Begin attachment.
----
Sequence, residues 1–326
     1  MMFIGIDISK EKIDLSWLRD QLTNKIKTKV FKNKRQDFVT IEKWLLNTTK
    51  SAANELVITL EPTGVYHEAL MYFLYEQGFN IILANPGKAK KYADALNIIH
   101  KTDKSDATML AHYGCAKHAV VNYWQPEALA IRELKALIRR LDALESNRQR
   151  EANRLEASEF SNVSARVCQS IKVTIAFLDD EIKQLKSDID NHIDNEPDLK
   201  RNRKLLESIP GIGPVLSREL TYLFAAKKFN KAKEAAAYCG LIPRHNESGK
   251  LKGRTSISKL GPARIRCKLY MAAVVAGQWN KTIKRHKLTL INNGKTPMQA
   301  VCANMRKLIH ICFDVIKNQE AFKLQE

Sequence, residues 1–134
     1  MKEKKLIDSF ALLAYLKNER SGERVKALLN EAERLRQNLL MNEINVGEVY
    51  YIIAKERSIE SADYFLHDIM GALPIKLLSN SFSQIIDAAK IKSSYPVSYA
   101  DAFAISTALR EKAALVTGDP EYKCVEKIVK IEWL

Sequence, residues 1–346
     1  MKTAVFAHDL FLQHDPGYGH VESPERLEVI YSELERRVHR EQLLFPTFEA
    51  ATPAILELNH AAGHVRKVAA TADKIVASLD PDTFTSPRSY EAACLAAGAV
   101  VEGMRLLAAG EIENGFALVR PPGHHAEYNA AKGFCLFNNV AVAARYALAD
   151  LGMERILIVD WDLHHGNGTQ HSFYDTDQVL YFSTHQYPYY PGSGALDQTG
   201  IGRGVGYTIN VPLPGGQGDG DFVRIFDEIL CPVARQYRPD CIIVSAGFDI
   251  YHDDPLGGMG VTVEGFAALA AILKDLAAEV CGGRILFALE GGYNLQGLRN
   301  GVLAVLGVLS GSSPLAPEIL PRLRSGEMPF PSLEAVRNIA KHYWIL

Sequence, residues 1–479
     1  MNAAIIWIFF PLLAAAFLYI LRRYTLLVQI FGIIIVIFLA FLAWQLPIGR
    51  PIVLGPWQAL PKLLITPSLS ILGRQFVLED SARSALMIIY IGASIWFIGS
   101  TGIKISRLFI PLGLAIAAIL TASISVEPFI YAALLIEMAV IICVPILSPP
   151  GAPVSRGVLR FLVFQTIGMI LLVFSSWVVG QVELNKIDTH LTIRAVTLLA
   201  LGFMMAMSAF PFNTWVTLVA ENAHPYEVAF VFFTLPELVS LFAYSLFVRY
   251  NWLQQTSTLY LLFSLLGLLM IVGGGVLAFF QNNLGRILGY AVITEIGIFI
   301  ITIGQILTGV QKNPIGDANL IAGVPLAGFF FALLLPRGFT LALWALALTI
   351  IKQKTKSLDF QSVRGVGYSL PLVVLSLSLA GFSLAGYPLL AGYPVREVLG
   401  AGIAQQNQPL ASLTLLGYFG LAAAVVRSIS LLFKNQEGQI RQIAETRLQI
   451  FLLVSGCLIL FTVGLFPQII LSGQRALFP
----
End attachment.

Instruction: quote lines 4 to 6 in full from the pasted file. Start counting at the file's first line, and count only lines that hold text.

   101  KTDKSDATML AHYGCAKHAV VNYWQPEALA IRELKALIRR LDALESNRQR
   151  EANRLEASEF SNVSARVCQS IKVTIAFLDD EIKQLKSDID NHIDNEPDLK
   201  RNRKLLESIP GIGPVLSREL TYLFAAKKFN KAKEAAAYCG LIPRHNESGK